RNA integrity number (RIN)
Interspecies variation in reference gene expression
The candidate genes Arb, Rpl32, Rpl4, Tbp, Polr2a, Hprt1, Pgk1, Ppia for each species and 18S ribosomal RNA were quantified by RT-qPCR. Due to the dominance of 18S transcripts compared to the other reference genes of interest, the 18S data were used only as a control of the RT reaction in addition to the RNA quality control (dilution curve linearity). In mouse hearts, the post-MI/Sham ratio for 18S was significantly higher than one (ratio 1.47, 95% CI: [1.19-1.82]). In rat hearts the 18S post-MI/Sham ratio was also above one, but with borderline significance (ratio 1.58, [1.00-2.51]). In the human myocardium there was no significant difference (failing/non-failing ratio 1.19, [0.76-1.84]).
The most stable reference genes in mouse, rat and human myocardium
To test the robustness of our findings, we evaluated the stability of a subset of reference genes in a second independent set of rat total RNA from Sham and post-MI myocardium (dataset 2). The samples prepared for dataset 2 differed in sample storage (dataset 1, - 80C freezer; dataset 2, RNALater), RNA isolation (dataset 1, homogenizer and Trizol; dataset 2, bead mill and Trizol) and cDNA priming methods (dataset 1, random hexamer; dataset 2, oligo-dT). Comparison of the same genes for datasets 1 and 2 yielded a nearly identical stability rank order by the geNorm method (dataset 1: Rpl32 ≤ Tbp <Arbp <Rpl4 <Gapdh; dataset 2: Tbp <Rpl32 <Arbp <Rpl4 <Gapdh). Analysis by the Normfinder method yielded also near-identical rank orders (dataset 1: Rpl32 ≤ Tbp <Arb <Rpl4 <Gapdh versus dataset 2: Tbp ≤ Rpl32 <Rpl4 <Arbp <Gapdh).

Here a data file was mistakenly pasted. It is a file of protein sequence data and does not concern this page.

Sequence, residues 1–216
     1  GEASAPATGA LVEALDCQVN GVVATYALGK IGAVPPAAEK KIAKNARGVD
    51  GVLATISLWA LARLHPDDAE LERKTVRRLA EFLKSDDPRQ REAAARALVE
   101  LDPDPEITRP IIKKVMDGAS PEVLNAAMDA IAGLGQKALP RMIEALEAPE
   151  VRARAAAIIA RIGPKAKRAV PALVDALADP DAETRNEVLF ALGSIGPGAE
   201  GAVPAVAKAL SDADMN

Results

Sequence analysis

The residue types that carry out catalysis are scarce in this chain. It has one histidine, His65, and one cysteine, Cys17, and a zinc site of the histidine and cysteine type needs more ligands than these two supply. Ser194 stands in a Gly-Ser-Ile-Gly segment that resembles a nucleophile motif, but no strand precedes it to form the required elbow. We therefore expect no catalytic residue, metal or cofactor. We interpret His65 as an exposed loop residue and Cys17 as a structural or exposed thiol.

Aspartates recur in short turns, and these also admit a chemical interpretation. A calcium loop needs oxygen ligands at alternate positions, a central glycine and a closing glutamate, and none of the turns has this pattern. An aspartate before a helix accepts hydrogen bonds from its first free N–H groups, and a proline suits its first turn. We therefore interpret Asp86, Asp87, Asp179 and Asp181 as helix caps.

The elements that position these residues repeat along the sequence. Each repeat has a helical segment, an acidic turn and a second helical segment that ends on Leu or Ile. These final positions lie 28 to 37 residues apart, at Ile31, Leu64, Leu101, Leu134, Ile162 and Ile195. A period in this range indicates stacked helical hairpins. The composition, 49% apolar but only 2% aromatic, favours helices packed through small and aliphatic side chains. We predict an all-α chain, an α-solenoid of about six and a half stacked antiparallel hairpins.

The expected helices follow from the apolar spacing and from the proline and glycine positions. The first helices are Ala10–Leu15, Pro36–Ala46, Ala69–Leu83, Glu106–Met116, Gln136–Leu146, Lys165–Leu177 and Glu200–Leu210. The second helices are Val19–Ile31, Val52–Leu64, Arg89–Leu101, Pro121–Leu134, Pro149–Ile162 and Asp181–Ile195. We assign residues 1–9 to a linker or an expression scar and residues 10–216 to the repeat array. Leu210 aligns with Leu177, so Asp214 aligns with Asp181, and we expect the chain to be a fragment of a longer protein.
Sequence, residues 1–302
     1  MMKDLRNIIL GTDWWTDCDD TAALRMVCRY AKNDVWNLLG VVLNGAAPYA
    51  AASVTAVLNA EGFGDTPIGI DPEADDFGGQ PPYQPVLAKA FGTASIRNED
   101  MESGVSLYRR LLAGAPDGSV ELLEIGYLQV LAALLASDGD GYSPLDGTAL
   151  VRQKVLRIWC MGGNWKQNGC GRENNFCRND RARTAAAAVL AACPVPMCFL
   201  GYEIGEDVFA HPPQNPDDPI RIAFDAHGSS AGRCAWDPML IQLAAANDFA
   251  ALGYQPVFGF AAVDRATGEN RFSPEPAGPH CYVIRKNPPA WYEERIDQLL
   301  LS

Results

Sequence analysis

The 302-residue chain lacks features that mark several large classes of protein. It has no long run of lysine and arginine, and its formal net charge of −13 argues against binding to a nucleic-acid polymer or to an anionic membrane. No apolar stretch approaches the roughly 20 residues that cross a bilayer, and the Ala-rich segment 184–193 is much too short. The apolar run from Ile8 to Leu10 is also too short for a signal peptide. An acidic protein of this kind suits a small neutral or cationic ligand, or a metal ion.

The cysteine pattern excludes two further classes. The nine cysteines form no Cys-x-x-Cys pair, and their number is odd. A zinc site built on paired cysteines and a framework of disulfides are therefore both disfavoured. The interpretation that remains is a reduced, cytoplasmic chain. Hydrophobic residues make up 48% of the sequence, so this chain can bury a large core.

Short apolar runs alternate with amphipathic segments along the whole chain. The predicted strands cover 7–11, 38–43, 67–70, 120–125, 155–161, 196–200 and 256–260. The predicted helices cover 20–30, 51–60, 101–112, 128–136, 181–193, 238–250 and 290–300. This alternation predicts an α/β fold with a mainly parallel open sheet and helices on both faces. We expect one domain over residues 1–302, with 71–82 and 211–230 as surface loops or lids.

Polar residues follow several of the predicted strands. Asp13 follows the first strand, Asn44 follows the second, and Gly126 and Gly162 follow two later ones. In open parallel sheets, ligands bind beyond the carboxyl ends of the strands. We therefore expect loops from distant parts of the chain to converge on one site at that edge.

Reference gene stability across developmental stages in rat myocardium
The impact of normalization to a single reference gene with low (Rpl4, Arbp and Rpl32) or high (Gapdh) variability was evaluated in fetal, neonatal and adult stages (Figure 3B). Normalization of the serotonin transporter 5-HTT (Slc6a4, SERT) mRNA to Rpl4 suggested that 5-HTT expression increased with developmental stage. In contrast, normalization of 5-HTT to Gapdh indicated only a transient increase in 5-HTT expression.
We have identified several reference genes as alternatives to Gapdh and 18S for use in gene expression quantification in heart failure studies. The most stable reference genes were Rpl32, Gapdh and Polr2a in mouse post-infarction heart failure, Polr2a, Rpl32 and Tbp in rat post-infarction heart failure and Rpl32 and Pgk1 in human heart failure (ischemic disease and cardiomyopathy). The overall most stable reference genes across all three species were Rpl32 and Polr2a. In rat myocardium, Rpl4 was the most stable reference gene across developmental stages.
It is generally accepted that the best normalization strategy would be to calculate the geometric mean of several reference genes . However, this is not always feasible with limited amounts of tissue. Several of the reference gene candidates identified in this study should be sufficiently stable for single-gene normalization of gene expression data when necessary. We show that Gapdh is not suitable as a reference gene in human failing myocardium. A recent study using human heart failure microarray data also reached a similar conclusion .
Gene expression studies using fetal and neonatal heart material often use single reference gene normalization methods. Single reference gene normalization across developmental stages may be difficult because of the wide variation in expression at different developmental stages . We show here a marked shift in the expression stability of several reference genes in the transition from neonatal to adult rat myocardium. This effect was particularly pronounced for Gapdh, which would highly influence the interpretation of results. We found that Rpl4 and Rpl32 were better reference gene candidates across developmental stages in rat myocardium.